Here are the seven stages Cavendish can win, and the challenges that stand in his way of doing it.
Stage 2 (Dusseldorf to Liege) 203.6km
The name Liege conjures up images of puncheurs powering there way through hilly terrain, on to victory. But in this case most of the stage takes place in Germany, and is as flat as a pancake. This gives Cavendish a strong chance of participating in a bunch sprint if his team can control the peloton during the mild undulations that occur as the race eventually goes through Liege to the finish.
Stage 4 (Mondorf-les-Bains to Vittel) 207.5km
Besides the odd bump here and there this one is flat. And barring a few customary attacks, the bunch should stay together for most of the way. The final third of the stage could be marred by winds. It would be a good idea for Cavendish to seek protection should this be the case, and stay close to his team and main lead-out man Mark Renshaw in the process.
Stage 6 (Vesoul to Troyes) 216km
Duly flat, and with roughly two thirds of it being on a slight downward trajectory, this one should be fast and action packed. The tricky part is that every other team with a sprinter and ambitions of a stage win will be gearing for the win. One positive for Cavendish is that he, Boasson Hagen and Renshaw have all been through this before.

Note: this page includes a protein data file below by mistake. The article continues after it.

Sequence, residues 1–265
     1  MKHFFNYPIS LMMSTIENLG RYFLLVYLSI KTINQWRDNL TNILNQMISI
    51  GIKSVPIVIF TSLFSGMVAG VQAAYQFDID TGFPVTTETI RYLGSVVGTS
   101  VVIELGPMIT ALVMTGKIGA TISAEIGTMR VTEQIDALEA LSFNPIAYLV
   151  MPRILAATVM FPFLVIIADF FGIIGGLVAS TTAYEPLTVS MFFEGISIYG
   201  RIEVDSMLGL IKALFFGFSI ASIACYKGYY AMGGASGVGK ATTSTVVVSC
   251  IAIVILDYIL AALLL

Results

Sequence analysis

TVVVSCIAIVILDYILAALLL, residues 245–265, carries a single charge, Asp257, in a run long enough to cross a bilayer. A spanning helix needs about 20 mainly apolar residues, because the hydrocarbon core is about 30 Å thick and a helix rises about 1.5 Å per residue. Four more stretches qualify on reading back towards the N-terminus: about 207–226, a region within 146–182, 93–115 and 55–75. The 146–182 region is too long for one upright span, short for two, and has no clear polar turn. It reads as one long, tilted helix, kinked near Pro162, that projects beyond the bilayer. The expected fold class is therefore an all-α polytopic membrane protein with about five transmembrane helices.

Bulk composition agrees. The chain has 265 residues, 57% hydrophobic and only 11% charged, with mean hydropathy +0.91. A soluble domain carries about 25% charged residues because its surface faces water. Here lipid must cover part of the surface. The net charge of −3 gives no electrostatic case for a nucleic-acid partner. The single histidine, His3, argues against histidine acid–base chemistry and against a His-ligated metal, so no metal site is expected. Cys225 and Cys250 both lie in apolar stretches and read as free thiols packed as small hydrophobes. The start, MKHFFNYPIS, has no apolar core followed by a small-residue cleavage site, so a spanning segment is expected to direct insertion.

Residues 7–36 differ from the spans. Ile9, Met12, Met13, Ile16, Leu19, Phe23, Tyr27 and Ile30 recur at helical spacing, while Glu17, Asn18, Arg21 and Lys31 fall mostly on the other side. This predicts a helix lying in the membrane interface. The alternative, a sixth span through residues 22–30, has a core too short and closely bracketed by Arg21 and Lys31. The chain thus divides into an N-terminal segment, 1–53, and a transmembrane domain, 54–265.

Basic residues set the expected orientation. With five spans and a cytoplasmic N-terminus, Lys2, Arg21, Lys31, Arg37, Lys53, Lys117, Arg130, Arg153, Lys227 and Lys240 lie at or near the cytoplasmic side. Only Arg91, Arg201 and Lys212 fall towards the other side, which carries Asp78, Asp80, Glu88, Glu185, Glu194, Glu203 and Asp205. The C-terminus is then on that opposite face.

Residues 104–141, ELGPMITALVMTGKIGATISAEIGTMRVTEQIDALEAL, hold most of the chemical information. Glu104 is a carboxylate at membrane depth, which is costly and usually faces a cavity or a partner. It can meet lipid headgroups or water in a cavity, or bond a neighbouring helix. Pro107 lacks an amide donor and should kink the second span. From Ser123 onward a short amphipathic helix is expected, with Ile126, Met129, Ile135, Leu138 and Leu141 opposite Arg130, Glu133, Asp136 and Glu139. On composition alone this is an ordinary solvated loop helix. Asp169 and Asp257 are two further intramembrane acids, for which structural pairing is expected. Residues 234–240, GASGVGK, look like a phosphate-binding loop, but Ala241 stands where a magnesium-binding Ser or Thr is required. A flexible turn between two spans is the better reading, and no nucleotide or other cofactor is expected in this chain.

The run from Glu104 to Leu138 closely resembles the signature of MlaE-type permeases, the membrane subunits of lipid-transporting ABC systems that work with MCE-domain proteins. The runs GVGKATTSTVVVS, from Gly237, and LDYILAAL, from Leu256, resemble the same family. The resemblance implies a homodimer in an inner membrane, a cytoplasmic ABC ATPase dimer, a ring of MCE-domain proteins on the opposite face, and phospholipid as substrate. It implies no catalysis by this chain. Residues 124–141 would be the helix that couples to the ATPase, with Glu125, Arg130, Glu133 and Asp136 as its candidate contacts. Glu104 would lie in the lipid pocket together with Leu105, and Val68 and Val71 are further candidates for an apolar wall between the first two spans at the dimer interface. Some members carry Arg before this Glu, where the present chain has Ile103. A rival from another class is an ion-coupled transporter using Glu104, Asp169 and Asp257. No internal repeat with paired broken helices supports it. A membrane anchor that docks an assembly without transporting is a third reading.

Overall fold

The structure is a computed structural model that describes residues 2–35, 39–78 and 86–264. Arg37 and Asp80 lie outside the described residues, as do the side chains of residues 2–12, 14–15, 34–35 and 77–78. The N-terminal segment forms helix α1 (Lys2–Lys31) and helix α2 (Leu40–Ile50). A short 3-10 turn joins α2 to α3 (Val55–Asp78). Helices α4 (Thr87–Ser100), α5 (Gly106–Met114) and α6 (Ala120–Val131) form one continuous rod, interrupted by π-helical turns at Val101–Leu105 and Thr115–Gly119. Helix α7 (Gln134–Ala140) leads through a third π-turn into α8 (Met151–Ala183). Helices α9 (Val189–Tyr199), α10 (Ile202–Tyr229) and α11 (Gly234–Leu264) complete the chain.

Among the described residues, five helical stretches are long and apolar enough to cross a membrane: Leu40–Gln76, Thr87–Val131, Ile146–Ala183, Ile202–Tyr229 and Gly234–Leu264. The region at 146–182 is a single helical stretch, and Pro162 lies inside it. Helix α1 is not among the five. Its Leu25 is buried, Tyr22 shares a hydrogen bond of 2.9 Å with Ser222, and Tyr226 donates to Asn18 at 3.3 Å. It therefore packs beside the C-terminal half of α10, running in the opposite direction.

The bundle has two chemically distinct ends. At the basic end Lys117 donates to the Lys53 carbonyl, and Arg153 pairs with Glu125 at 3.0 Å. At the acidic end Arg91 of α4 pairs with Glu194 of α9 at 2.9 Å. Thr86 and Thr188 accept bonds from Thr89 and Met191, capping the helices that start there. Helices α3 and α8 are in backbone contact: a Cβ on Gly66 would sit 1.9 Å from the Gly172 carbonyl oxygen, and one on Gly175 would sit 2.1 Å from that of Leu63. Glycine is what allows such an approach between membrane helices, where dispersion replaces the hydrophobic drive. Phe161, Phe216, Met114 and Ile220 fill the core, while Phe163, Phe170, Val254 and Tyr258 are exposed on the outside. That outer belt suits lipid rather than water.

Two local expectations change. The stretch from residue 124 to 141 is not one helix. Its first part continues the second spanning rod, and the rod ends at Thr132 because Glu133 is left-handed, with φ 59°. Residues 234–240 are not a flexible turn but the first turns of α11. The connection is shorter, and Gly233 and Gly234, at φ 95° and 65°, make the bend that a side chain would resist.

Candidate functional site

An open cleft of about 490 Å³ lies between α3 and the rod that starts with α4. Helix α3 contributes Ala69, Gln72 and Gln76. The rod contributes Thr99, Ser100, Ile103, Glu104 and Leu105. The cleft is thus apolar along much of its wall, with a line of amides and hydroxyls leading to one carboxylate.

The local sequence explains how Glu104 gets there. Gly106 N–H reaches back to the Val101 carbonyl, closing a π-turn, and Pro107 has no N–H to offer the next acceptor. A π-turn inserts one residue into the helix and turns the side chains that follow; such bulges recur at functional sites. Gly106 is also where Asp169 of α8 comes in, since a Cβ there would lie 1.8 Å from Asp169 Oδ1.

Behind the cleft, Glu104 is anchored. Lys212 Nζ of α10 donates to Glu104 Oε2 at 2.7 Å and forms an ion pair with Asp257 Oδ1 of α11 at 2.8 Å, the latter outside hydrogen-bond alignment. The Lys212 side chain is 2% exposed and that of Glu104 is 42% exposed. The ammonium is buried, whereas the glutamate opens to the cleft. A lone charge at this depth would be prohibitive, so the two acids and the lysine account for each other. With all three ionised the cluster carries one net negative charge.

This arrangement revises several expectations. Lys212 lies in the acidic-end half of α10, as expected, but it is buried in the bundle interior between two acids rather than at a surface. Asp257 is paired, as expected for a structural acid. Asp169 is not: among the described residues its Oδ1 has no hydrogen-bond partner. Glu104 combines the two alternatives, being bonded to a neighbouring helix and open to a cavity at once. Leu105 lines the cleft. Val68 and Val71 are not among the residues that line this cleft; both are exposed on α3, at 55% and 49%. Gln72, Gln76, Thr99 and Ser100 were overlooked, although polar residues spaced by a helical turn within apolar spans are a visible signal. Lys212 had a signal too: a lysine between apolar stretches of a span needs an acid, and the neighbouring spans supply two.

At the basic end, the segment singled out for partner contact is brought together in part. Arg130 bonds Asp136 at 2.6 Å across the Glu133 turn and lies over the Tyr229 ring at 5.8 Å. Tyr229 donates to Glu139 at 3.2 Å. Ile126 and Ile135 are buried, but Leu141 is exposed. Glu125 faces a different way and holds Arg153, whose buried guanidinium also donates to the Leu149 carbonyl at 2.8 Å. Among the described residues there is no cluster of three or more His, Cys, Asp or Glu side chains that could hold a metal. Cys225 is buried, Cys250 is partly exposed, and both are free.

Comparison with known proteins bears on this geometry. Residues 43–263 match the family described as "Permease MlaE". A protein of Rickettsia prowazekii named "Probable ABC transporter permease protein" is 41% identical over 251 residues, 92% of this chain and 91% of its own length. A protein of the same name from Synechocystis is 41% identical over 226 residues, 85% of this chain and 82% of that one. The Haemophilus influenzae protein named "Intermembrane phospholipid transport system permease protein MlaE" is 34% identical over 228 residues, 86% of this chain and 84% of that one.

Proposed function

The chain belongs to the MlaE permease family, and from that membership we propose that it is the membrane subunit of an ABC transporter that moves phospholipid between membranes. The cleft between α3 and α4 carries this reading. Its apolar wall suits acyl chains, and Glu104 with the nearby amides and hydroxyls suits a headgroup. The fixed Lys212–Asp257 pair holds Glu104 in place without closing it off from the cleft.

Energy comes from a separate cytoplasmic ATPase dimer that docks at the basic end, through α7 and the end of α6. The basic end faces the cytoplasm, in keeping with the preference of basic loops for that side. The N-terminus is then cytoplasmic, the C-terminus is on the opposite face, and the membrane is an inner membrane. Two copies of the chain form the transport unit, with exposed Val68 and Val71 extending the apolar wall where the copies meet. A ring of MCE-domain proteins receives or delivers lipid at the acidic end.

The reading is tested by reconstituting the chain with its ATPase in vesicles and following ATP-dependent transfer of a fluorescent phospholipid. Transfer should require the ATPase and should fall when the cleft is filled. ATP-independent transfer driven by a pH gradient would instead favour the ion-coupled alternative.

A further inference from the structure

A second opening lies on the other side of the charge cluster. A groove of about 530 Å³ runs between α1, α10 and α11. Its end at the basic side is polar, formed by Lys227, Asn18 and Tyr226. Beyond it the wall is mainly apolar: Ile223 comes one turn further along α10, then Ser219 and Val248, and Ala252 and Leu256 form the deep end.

Stage 7 (Troyes to Nuits-Saint-Georges) 213.5km
If Cavendish took the win at stage 6, there would be plenty of pissed off sprinters out for revenge. And they could use every obstacle this stage throws out against him. Going steadily uphill for just over half of the way, it then dips in and out of a hilly section before going into a potentially windy final 40km. It’ll be a battle, but if the team rides smart, they’ll get their star sprinter into a bunch sprint with legs to spare.
Stage 10 (Périgueux to Bergerac) 178km
After a rest day this traditional sprinters stage should prove simple enough for Dimension Data. The peloton will be mostly together throughout, until the final stretch when the pretenders give way and the sprinters come into play. Timing the lead out will be important. We know who’s best at that.
Stage 11 (Eymet to Pau) 203.5km
With the Pyrenees approaching, the climbers will save their energy and the sprinters will be relishing their chances before the long slog over the mountain range. It’s steadily uphill, if only slightly, but a smartly timed break could be profitable. Dimension Data would want to avoid this, and bring Cavendish into contention for the bunch sprint.
Stage 21 (Montgeron to Paris Champs-Élysées) 103km
After riding through both the Pyrenees and the Alps, the remaining sprinters will be raring to go in the traditional final hurrah of the Tour de France. Whether they’re on weary legs or not, it’s always a matter of pride to stand at the top of the podium on the Champs-Élysées. Cavendish has done it here before, and if he’s still at the Tour at this late stage, it’s a great chance for him to do it again.